July 17, 2011

Is it worth doing it?

16th Sunday of the Year
Matthew 13: 24 – 43

Our gospel for today is a continuation of last Sunday’s gospel, the parable of the sower. In this parable, we have learned that God always provides good seeds. And our main responsibility is to provide good soil so that the good seeds planted by God will have good harvest.

Unfortunately, to provide good soil for the good seeds are not enough. The story of the parable of the weeds warns us of an enemy. The enemy may come without our knowledge and throw weeds in the good soil we have provided for our family and community. These things are beyond our control and could greatly influence our children and destroy the good seeds that God had planted. These weeds are the enemy of the good seeds. They may come to us in the form of worldly values and temptations. Our experience tells us also that even us - parents, teachers, bishops, priests, religious and formators - are not immune from the corruption of the weeds. Our weaknesses, selfishness and sins sometimes stop us from doing what is noble and right. St.Paul even confirmed it, “I cannot understand myself, the things that I should do, and I am not doing. The things that I should not do, I am doing.”

To remove the bad weeds in ourselves is not as simple as deleting a virus from our laptop. Some of these weeds are deeply rooted in our hearts and culture and could influence our behavior and decision making. It would take a lot of self-retrospection and awareness before we can even see, accept and resolve to change ourselves for a better person. Formation is a lifetime process. Forming people takes a lot of time, effort and dedication. But if we care, we don’t mind the difficulty.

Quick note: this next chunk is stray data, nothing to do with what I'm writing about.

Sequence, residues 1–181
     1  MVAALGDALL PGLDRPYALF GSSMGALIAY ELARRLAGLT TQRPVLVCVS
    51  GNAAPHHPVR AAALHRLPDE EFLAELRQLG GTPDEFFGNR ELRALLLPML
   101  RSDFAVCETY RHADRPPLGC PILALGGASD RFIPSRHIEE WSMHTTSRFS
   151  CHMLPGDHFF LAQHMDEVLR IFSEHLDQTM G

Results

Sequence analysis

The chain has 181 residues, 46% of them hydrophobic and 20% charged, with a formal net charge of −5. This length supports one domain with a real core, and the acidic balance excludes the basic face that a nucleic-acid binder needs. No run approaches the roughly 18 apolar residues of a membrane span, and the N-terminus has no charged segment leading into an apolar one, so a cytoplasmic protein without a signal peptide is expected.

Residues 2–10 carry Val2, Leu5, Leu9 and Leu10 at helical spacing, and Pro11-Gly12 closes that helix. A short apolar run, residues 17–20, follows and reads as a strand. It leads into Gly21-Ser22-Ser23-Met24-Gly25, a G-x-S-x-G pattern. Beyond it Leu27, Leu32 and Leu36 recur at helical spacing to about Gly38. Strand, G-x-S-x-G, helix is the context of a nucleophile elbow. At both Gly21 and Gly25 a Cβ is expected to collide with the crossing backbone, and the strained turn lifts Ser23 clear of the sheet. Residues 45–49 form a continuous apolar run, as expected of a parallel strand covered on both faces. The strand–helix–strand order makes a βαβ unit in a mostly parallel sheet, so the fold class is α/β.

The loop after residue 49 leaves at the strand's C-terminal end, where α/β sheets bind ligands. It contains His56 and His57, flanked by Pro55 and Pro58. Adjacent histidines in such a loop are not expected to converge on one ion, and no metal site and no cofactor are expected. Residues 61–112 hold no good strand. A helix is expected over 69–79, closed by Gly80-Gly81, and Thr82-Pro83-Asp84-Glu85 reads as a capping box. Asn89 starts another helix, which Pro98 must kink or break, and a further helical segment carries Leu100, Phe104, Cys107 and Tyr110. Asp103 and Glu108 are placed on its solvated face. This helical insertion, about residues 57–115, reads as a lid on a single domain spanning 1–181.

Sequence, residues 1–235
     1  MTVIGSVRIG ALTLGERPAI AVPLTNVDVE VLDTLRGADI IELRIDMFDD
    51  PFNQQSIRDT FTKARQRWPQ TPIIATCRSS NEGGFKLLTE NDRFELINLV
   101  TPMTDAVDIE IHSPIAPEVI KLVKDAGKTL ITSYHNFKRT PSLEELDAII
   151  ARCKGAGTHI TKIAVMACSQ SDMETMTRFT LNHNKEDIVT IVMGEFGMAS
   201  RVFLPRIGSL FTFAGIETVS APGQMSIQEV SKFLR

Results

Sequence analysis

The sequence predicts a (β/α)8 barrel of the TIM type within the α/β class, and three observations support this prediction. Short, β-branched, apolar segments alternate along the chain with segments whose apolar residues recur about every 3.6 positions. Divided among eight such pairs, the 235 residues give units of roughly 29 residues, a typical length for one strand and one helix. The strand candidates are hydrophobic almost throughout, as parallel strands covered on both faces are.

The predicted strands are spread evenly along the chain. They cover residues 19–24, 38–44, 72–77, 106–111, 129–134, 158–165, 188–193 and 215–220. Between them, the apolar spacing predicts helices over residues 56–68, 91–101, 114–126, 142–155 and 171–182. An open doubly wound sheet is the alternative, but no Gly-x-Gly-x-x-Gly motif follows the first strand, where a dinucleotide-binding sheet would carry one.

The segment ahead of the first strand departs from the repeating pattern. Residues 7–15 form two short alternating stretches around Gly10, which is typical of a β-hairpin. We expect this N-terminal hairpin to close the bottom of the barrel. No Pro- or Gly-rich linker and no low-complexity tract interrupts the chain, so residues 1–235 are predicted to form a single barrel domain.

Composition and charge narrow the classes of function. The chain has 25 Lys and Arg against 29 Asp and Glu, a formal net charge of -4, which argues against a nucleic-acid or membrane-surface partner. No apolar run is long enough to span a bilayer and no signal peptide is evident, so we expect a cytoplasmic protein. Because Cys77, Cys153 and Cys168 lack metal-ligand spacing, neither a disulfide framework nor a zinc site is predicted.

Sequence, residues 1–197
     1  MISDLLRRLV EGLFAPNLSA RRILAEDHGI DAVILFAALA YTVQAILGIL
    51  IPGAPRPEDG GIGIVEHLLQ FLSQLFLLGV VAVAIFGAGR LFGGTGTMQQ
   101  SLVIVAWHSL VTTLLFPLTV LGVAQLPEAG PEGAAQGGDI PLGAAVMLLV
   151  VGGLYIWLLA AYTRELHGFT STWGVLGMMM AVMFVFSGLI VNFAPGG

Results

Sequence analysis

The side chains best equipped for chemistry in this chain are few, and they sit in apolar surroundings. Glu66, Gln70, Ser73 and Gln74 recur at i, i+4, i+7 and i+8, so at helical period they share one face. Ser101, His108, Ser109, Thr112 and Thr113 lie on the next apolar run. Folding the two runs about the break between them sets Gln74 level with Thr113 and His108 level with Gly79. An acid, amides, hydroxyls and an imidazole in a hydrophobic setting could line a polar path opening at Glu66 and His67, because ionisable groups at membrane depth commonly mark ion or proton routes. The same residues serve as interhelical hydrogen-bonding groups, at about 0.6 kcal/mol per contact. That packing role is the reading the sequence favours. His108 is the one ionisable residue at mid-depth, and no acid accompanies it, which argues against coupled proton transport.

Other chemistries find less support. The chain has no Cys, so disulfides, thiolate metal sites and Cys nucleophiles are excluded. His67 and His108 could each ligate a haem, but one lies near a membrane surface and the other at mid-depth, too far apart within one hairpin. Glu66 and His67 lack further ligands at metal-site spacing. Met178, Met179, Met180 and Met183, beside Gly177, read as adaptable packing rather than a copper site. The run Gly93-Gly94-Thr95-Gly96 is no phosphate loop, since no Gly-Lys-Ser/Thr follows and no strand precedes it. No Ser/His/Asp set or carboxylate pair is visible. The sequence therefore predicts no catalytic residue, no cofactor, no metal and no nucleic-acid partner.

How do we sustain our effort to help people? Our gospel challenges us to do three things: 1) Be patient. 2) Keep your calm. 3) And never give up.

To form God fearing, responsible, and loving individuals is not an easy task. The influence of evil is deeply rooted in us. The three parables invite us to be more hopeful rather than hopeless in dealing with those seemingly difficult and problematic people in our lives. But is it worth doing it?

The next two parables - the mustard seed and the yeast - give us reasons why we should not give up in forming and guiding the “prodigal sons and daughters” in our lives. With good soil and personal care, a small mustard seed is capable of becoming a huge tree where birds can come and rest. When used correctly, a small amount of yeast could bring a large quantity of dough to rise. The two parables are invitations to be more positive and hopeful with others. We don’t want their talents and innate goodness to go to waste. Giving up is not an option. With our patience, understanding, and constant love, one day we shall reap a bountiful harvest from our labor.

One of my students from Xavier University ten year ago visited me last week. I was thrilled to know from him that most of my noisy, hard to discipline and problematic students in high school are doing great. Most of them hold key positions in the local government and multi-national companies. They are well loved by their families and peers. Out of sheer joy, I texted one of them and congratulate him. My former student responded, “Because good teachers like you, never gave up on us.”

Sometimes our role is just to plant, plant, and plant. We are just planters. Somebody after us will do the harvest.

That’s more than enough to console me. It’s worth doing it.

- Fr. Willy M. Samson,SJ
Zamboanga Catedral

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